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JAZZ | ALBUM SPOTLIGHT

***, MARCUS ROBERTS, "Portraits in Blue," Sony Classical; ** 1/2, MARCUS ROBERTS TRIO, "Time and Circumstance," Columbia

June 23, 1996|Don Heckman

Pianist Marcus Roberts, who was a vital member of the Wynton Marsalis groups of the '80s, has been taking a path lately that parallels the trumpeter's own musical journey. Like Marsalis, Roberts has vigorously explored the jazz past--sometimes via a direct examination of the music of Duke Ellington, Thelonious Monk, James P. Johnson and others, sometimes as a means to expand his own compositional vision. In the case of his most recent album, "Gershwin for Lovers," the result has been both creatively successful and commercially viable; the recording was one of Columbia's major jazz sellers last year.

Roberts takes a considerably larger leap with the simultaneous release of these two albums. The first is an extraordinary recasting of George Gershwin's "Rhapsody in Blue" for Columbia's sister label, Sony Classical. (Roberts is the first jazz artist signed by the division since Marsalis' signing in 1982.)

His interpretation entails an inventive rethinking of the work, moving elements around, opening up areas for improvisation and invigorating its period rhythms with a brisk, jaunty sense of swing rarely present in standard orchestral performances of the work. Roberts' playing is precisely right--articulate and expressive in the written passages, imaginative and colorful in the improvised sections. His cadenzas are masterful reinterpretations, brilliant blendings combining the essence of Gershwin's phrases with his own spontaneous creativity.

Marcus Printup's trumpet, Wes Anderson's alto saxophone, Wycliffe Gordon's trombone and Ted Nash's clarinet occasionally burst through the fabric of the music, adding their own spirited solo contributions to the mix.

What makes the whole production work as well as it does is the manner in which Roberts has positioned Gershwin's jazz-based work within a rich jazz environment while retaining its character as a complete composition. This is not an interpretation in which orchestral segments are sandwiched between improvised jazz solos. But it is a thoughtful modification of a classic American concert work that allows for an endless range of performances, in the process giving "Rhapsody in Blue" potential new life for decades to come.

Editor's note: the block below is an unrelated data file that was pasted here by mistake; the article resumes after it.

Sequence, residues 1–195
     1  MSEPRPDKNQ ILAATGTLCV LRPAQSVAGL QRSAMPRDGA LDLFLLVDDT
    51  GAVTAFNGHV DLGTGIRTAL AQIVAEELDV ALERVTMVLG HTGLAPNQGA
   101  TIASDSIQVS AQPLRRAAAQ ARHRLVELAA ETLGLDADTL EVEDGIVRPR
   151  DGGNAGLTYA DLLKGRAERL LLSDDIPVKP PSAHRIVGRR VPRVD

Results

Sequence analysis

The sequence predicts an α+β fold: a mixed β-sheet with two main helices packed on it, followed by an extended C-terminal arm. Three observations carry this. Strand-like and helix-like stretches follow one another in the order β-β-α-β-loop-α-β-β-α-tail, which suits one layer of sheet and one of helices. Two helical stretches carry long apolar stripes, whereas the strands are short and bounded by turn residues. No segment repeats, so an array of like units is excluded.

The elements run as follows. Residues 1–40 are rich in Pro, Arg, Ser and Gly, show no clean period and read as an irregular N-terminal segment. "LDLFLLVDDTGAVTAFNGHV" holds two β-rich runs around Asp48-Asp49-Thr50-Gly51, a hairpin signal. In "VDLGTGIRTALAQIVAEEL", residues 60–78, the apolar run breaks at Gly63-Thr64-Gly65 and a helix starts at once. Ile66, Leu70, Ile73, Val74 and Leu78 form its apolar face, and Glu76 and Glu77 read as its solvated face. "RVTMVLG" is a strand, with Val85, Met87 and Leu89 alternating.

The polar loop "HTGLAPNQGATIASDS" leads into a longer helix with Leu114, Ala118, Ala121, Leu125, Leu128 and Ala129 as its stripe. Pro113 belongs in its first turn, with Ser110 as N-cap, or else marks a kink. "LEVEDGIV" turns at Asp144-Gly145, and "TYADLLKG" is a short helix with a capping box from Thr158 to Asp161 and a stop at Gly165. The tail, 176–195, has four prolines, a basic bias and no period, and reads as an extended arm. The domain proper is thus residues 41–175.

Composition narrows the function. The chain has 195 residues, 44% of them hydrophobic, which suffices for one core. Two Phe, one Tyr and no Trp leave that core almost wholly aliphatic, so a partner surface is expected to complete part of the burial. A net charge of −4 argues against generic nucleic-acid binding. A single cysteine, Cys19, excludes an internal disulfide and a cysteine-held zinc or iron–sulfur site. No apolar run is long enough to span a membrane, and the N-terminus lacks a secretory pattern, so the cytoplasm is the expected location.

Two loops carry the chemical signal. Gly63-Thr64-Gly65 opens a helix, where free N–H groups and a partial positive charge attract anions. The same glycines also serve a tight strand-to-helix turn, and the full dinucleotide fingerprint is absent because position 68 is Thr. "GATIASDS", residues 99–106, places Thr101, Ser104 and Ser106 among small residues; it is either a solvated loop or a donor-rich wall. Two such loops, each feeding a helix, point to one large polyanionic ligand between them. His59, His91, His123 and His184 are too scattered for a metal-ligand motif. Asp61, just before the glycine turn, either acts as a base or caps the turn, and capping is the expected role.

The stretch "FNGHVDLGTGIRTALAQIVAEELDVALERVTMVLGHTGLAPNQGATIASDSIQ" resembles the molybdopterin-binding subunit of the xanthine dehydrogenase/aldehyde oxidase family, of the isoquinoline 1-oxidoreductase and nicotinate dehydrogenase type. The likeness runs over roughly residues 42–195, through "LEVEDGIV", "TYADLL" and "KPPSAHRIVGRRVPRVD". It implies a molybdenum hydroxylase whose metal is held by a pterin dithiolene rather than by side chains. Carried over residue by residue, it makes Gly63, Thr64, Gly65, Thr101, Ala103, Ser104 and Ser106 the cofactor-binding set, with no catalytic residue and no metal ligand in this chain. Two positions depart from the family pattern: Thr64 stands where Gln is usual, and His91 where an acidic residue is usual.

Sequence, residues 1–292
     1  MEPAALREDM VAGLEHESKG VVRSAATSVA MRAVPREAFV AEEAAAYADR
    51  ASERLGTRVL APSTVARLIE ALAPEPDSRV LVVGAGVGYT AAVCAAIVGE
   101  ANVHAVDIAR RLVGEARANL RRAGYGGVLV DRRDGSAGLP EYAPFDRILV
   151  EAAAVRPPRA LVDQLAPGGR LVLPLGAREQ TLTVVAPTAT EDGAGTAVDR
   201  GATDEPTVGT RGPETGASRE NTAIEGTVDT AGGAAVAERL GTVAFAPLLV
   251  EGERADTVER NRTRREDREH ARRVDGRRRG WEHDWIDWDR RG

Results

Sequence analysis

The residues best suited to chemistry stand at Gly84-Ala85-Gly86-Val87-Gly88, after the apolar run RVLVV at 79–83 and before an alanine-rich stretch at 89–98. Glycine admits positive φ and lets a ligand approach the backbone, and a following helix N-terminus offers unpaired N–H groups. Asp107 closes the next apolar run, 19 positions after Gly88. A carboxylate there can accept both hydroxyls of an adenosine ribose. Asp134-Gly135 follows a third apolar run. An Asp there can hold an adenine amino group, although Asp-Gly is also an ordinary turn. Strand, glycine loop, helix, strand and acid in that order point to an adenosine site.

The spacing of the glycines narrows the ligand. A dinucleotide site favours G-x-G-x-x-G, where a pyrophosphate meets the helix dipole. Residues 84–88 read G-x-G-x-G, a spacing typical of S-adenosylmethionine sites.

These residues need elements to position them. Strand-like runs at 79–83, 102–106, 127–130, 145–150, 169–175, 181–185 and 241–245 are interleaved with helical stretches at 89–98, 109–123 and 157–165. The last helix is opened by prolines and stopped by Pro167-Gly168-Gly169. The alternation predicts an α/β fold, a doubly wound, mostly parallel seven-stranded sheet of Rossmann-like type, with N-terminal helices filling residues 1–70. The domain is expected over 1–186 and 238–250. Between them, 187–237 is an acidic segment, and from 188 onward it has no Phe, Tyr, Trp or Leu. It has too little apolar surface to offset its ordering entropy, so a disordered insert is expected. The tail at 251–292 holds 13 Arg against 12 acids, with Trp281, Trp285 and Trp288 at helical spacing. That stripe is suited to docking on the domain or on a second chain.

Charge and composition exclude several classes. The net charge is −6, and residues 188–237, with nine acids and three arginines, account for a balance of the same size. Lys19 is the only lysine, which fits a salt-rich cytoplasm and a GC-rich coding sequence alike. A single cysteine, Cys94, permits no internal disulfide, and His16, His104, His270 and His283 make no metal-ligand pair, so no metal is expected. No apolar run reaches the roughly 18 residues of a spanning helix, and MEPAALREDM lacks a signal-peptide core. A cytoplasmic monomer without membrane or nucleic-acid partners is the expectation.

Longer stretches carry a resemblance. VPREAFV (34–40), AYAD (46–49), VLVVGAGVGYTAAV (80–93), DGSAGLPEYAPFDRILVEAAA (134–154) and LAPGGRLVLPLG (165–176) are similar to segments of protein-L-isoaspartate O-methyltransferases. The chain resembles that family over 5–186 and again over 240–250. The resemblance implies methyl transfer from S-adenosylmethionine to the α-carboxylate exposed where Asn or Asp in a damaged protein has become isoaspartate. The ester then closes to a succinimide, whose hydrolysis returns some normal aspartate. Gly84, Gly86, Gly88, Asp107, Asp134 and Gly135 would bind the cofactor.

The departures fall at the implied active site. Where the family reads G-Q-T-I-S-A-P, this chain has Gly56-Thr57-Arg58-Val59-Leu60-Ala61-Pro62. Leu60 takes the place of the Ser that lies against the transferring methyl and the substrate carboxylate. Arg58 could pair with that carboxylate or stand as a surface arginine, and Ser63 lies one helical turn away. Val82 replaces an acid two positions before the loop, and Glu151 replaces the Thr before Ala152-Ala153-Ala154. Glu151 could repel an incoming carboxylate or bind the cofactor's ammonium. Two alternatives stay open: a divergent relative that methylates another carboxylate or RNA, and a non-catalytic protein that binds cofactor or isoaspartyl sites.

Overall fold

Unfortunately, the program notes are long on Roberts' description of the work and short on credits. It was performed by the Lincoln Center Jazz Orchestra and members of the Orchestra of St. Luke's, and was conducted by Robert Sadin. The album also includes an interesting version of stride piano great James P. Johnson's "Yamekraw" and Roberts' rendering of Gershwin's "I Got Rhythm" Variations.

'Time and Circumstance" is, in its own way, as ambitious as the Gershwin recording. But it achieves less.

Roberts' conceptual approach assembles a group of themes into what he describes as a suite "about two people who are involved in a lifelong love affair." His detailed program description provides useful insight into each of the 14 pieces. Without the notes at hand for reference, however, the melodic content is simply not strong enough to sustain the emotional continuity that Roberts apparently had in mind.

There is, however, some powerful improvising taking place. Roberts' trio includes two remarkable teenage performers--18-year-old bassist David Grossman and 19-year-old drummer Jason Marsalis, the youngest member of the musical Marsalis clan--both of whom sound destined for significant jazz careers. Their interaction with Roberts is a joy to hear. But, in total, this is a recording that may be more admired than it is listened to, more respected for the breadth of its aspirations and the talent of its practitioners than it is enjoyed for the appeal of its music.

*

Albums are rated on a scale of one star (poor), two stars (fair), three stars (good, recommended), four stars (excellent).

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